DJIBOUTI: The naval facility which China is building in Djibouti, east Africa, is thought to be its first overseas military base.  Other counties in the area are concerned that commercial facilities (known as ‘the string of pearls’) recently built by China around the Indian Ocean could also become military bases.

IRAQ: An Isis suicide bomber, thought to be a young boy, attacked a mosque in Kirkuk.  Two people were wounded.  Soon afterwards, police arrested and disarmed another boy about to launch a suicide attack.

LIBYA: The parliament based in Tobruk, eastern Libya, voted to reject the UN-backed government of national accord (established in Tripoli, western Libya, earlier this year), and declared it illegal.

MALI: A jihadist leader has gone on trial in the International Criminal Court in the Hague for ordering the destruction of shrines, mausoleums, libraries and mosques in Timbuktu, a UNESCO world heritage site.  He is the first person to be charged with cultural destruction as a war crime. He has pleaded guilty.

NIGERIA: The army claimed to have killed and wounded Boko Haram leaders in an intense air-attack on the group’s base in Borno state.

SOMALIA: Two al-Shabaab suicide-bomb attacks, on a government building and on a marketplace, killed at least 17 people and wounded 30 others in the town of Galkayo.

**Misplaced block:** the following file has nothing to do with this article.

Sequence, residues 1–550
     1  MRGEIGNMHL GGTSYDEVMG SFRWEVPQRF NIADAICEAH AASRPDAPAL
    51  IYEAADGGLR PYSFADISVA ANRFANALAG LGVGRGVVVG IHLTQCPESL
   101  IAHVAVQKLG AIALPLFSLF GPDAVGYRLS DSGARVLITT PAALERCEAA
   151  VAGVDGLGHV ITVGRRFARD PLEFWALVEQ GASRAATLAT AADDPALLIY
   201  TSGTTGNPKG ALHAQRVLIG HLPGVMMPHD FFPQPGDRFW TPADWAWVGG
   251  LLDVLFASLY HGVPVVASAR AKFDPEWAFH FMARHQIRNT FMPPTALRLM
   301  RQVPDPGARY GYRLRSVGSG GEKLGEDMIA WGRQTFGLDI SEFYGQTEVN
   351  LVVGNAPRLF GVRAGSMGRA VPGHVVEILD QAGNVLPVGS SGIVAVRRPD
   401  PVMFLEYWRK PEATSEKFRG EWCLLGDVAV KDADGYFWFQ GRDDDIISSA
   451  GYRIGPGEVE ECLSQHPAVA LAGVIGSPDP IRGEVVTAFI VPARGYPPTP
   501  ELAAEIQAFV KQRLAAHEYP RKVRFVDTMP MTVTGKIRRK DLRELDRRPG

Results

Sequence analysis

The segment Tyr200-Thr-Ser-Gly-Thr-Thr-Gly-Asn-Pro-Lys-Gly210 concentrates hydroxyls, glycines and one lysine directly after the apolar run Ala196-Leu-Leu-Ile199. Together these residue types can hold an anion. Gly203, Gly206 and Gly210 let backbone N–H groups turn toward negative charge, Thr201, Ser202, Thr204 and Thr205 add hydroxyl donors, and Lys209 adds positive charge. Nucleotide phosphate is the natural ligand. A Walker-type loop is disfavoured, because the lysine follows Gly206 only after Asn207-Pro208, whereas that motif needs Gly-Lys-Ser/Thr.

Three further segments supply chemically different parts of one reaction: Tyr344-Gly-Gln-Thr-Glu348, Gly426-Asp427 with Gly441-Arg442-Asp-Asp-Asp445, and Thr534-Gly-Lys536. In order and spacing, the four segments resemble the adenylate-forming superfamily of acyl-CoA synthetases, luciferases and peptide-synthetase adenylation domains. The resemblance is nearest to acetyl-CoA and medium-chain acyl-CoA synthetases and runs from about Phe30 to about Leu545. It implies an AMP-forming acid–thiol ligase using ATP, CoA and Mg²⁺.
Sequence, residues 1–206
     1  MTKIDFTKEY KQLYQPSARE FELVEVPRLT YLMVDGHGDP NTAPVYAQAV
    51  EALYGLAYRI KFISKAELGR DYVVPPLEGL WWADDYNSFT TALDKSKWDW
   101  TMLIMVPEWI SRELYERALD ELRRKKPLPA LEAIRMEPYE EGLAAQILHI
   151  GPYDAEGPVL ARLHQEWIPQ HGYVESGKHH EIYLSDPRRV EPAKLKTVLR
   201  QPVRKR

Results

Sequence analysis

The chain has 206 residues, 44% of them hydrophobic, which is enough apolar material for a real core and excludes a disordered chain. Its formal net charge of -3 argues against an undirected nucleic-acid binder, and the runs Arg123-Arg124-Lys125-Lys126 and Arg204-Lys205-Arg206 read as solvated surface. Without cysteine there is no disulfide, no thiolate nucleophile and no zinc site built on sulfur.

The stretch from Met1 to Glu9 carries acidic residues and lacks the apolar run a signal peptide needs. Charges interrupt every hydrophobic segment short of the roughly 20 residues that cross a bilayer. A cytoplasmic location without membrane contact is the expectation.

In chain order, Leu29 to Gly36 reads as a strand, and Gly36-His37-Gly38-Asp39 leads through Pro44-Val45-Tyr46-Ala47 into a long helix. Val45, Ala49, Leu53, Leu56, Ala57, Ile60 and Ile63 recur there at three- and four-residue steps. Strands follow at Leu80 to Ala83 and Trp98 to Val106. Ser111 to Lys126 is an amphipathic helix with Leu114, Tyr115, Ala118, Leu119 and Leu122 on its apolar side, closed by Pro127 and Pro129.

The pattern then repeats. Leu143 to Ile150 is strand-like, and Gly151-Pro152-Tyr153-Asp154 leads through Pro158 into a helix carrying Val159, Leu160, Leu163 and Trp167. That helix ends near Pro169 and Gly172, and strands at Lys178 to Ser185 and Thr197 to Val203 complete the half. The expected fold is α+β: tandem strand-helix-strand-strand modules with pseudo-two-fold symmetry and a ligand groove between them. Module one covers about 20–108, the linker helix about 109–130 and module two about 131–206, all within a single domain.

SOUTH AFRICA: Following the recent municipal elections, the opposition Democratic Party candidate Herman Mashaba became mayor of Johannesburg, ousting the ANC mayor with the help of the radical Economic Freedom Fighters party.  Mr Mashaba vowed to fight corruption and increase civil service efficiency in the city.

SOUTH SUDAN: The UN has begun an investigation into an attack by South Sudanese soldiers on foreign civilians in the Terrain Hotel complex in Juba, during which journalists and aid workers were beaten, raped and shot. UN peacekeepers based less than a mile away failed to intervene.

SYRIA: Turkey has launched a cross-border artillery attack on the Isis-held town of Jarablus in Syria, in preparation for an attack by Turkish-backed Syrian Arab rebels. Turkey is keen to pre-empt further Kurdish gains in the area; Kurdish forces are also advancing on Jarablus, having recently taken the town of Manjib from Isis. The Assad regime is also keen to prevent further Kurdish gains, and is fighting Kurdish forces in Hasaka.

A German interior ministry security/intelligence report claimed that Turkey is covertly supporting Islamist militant groups in Syria and elsewhere.